A 2-cm incision was made lateral to the soleus muscle. Using sharp dissection, an approximately 1 × 0.5 cm muscle specimen from the lateral aspect of soleus muscle was obtained, rinsed in saline, and snap-frozen in liquid nitrogen. This surgical procedure produced minimal amount of bleeding at the site of biopsy. Closure of the muscle fascia with simple continuous 4-0 Monocryl was followed by continuous intradermal 4-0 Monocryl in the skin. Recovery was on the OR table until extubation. Additional heat and oxygen support was provided as needed during the recovery period. Post-operative analgesia was provided for 48–72 h following the surgical procedure, using Hydromorphone HCl (0.05–0.4 mg/kg, administered intramuscularly, three times a day), and buprenorphine (0.01–0.1 mg/kg, administered intramuscularly, once a day). The standard 48 to 72-h opioid protocol for post-operative analgesia was used. Post-operative monitoring and assessment of pain and distress were accomplished by surgical veterinary staff for a minimum of 7 days.

RNA isolation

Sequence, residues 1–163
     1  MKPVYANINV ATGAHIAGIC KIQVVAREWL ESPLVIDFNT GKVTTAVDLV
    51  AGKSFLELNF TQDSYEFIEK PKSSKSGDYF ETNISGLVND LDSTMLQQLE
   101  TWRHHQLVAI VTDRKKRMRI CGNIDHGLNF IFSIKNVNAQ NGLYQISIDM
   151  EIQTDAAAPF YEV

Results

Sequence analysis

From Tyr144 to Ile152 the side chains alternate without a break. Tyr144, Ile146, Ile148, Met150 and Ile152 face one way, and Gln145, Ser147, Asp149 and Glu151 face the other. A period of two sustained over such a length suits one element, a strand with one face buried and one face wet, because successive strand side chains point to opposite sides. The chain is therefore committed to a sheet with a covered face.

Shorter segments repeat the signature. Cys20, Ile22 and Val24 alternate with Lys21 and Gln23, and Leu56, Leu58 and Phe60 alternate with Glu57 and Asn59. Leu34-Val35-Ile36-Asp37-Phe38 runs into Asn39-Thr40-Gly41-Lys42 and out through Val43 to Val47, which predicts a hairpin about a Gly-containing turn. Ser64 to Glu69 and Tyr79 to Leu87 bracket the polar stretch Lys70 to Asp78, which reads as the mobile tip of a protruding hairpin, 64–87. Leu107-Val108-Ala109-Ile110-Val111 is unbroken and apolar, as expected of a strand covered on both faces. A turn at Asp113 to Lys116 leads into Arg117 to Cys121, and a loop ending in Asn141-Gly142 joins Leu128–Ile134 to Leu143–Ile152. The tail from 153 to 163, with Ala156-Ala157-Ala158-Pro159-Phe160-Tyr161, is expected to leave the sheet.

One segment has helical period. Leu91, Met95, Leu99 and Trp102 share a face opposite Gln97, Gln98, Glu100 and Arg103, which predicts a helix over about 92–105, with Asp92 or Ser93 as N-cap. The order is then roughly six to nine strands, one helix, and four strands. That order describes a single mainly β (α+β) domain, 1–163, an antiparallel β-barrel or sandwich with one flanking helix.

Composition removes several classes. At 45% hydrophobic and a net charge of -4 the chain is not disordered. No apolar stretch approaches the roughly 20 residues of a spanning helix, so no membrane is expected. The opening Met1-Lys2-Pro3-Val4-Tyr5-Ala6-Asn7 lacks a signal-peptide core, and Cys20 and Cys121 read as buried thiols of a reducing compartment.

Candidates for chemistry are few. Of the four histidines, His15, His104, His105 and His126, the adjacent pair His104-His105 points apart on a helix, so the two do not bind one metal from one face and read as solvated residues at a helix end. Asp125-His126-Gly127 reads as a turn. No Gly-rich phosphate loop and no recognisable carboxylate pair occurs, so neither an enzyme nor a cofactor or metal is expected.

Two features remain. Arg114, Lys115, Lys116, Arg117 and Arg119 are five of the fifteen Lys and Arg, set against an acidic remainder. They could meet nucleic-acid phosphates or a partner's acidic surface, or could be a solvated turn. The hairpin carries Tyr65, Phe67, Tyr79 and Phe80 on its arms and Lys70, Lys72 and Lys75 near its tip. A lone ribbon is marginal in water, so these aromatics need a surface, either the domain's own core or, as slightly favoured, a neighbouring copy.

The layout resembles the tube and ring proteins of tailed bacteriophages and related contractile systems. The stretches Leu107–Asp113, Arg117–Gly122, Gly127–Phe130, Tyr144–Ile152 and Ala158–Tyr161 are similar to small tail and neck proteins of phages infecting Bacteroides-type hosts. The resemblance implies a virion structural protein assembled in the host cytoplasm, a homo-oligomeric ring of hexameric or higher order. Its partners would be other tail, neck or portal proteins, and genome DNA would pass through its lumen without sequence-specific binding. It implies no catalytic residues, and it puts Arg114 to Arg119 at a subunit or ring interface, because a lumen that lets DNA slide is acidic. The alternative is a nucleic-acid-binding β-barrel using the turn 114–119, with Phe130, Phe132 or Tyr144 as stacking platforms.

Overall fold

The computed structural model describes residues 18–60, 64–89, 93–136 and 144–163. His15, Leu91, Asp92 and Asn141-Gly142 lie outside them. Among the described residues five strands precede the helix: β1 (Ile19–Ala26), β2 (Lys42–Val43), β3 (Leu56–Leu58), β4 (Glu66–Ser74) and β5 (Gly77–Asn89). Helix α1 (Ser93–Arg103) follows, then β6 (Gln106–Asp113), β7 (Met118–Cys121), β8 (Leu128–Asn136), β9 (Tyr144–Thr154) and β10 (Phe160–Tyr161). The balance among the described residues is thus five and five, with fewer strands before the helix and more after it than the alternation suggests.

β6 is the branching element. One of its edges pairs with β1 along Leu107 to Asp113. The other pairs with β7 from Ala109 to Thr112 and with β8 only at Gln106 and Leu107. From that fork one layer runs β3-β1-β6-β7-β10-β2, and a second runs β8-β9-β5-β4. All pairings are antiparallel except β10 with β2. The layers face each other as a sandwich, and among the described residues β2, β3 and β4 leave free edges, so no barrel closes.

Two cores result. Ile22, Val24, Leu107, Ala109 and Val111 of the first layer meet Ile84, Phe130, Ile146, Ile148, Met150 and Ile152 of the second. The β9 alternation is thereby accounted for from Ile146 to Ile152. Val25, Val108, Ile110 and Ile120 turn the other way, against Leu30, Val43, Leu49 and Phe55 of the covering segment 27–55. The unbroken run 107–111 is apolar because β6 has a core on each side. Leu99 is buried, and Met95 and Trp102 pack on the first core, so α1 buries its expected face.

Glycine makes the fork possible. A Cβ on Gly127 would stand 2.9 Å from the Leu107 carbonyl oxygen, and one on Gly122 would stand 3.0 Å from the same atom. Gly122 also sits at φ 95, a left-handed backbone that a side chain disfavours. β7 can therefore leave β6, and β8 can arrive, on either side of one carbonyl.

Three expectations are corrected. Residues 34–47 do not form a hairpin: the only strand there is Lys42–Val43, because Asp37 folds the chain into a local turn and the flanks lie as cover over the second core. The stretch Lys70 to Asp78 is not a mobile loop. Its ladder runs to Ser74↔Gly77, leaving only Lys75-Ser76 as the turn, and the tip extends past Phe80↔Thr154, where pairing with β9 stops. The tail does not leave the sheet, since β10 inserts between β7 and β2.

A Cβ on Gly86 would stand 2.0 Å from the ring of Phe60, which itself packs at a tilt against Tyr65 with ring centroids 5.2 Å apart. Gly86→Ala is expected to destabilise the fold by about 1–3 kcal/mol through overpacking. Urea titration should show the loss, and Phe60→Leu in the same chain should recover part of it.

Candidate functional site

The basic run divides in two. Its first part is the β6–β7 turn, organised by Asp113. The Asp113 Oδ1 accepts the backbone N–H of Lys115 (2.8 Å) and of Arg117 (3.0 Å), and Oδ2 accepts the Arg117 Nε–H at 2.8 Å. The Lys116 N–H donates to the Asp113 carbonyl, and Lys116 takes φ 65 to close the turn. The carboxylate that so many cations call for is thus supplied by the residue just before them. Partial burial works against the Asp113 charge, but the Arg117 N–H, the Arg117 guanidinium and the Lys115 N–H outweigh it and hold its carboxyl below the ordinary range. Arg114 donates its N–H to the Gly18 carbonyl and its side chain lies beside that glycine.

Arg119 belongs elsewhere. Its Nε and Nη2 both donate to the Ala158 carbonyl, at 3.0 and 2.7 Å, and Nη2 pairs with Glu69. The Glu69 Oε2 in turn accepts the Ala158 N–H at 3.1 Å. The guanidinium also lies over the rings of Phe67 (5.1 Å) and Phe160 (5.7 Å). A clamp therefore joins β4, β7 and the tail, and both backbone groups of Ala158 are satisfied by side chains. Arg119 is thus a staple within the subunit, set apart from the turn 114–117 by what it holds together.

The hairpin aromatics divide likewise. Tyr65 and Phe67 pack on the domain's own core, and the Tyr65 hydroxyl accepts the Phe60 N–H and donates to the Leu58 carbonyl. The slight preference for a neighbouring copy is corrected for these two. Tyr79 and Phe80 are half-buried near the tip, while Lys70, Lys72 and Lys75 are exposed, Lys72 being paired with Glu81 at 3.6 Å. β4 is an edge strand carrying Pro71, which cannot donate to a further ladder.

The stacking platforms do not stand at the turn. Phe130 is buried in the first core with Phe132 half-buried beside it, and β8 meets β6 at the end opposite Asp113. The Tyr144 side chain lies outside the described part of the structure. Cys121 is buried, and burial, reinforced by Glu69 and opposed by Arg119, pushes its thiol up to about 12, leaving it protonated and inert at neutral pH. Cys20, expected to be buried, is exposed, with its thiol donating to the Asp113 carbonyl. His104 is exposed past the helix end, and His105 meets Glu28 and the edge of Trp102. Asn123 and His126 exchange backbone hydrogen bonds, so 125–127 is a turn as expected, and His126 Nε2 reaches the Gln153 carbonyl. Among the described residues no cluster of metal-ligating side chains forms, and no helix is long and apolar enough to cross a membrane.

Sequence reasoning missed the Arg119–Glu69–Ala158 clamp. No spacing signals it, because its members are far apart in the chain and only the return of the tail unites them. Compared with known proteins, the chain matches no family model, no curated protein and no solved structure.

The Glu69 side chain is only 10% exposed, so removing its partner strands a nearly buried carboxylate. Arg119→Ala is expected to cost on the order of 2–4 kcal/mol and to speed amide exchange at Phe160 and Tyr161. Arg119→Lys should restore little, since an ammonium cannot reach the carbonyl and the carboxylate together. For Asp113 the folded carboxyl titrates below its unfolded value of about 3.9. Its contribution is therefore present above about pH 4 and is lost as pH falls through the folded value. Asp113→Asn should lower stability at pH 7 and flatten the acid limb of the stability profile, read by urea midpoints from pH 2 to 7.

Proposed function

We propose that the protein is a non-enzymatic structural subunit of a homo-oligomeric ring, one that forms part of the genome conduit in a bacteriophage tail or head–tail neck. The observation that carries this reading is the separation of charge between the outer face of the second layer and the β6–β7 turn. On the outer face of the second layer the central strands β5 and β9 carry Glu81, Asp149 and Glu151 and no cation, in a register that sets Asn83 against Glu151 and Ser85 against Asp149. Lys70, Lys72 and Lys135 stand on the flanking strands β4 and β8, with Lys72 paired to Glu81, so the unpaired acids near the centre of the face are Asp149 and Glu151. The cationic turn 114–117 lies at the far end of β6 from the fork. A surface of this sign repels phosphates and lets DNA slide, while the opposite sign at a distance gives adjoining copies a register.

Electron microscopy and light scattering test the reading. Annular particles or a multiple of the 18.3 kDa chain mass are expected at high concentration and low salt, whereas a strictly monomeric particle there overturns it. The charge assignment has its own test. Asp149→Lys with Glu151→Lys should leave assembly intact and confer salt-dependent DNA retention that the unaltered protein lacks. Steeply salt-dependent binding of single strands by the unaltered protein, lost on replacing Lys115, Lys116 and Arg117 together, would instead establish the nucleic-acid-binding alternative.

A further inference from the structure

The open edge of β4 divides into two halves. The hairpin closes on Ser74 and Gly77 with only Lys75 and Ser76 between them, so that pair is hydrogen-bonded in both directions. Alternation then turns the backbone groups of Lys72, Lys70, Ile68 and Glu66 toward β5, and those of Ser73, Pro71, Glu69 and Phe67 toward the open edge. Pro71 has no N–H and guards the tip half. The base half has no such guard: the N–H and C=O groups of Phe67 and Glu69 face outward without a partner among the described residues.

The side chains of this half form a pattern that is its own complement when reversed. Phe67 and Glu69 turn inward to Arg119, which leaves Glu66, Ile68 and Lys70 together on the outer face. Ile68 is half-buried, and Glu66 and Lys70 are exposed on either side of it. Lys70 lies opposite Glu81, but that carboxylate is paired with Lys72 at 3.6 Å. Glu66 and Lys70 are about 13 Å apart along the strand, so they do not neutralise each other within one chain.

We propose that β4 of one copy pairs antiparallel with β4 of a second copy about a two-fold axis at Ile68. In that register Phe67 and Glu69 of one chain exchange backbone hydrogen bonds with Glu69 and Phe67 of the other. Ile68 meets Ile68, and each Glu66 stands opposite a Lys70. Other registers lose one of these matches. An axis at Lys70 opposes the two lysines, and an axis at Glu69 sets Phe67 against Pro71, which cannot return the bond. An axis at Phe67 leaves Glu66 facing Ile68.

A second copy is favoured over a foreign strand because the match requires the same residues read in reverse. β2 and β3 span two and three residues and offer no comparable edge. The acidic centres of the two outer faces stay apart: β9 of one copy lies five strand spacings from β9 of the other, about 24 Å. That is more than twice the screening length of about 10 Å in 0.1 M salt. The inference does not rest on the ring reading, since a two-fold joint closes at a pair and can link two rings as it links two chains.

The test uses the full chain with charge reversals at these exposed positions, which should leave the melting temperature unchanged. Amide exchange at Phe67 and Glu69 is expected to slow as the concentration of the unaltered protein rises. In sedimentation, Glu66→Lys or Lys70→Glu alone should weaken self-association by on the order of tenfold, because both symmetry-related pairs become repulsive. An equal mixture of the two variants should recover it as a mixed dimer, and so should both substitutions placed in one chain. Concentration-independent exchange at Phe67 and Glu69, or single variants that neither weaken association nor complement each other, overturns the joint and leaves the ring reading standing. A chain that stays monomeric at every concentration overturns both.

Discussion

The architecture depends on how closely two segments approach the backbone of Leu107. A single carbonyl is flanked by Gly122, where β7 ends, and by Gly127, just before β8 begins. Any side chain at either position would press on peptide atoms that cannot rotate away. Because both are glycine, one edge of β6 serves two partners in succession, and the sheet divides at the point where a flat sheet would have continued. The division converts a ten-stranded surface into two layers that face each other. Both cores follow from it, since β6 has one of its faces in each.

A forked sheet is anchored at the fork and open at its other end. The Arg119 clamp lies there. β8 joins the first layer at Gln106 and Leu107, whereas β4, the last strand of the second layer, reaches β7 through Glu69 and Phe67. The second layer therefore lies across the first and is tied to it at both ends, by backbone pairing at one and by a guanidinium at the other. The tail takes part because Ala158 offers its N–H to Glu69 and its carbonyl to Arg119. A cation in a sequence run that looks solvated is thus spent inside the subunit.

Frozen 100-mg muscle specimens were homogenized by shaking (25 rps for 2 min) in 2-ml extraction tubes supplied with a 5-mm pre-chilled metal bead (McMaster-Carr, Elmhurst, IL) and 1 ml of ice-cold TriReagent (MRC Inc., Cincinnati, OH), using a TissueLyser II (Qiagen, Hilden, Germany). One hundred microliters bromochloropropane (MRC Inc., Cincinnati, OH) were added to each tissue sample, to enhance phase separation, and incubated at room temperature for 5 min. Samples were mixed and centrifuged at 12,000 × g for 15 min at 4 °C. The RNA-containing upper aqueous phase was transferred to a new tube and mixed with 12 μl glycogen (Thermo Fisher Scientific, Waltham, MA) and 0.5 ml isopropanol. Tubes were centrifuged at 15,000 × g for 10 min at 25 °C, pellets were washed twice with 0.7 ml 75 and 100% ethanol, air-dried at room temperature for 10–15 min, and resuspended in 10 mM Tris-HCl, pH 8.0. RNA concentration and purity were determined using NanoDrop ND1000 (Thermo Fisher Scientific). The average A260/280 value of purified RNA samples was 2.04.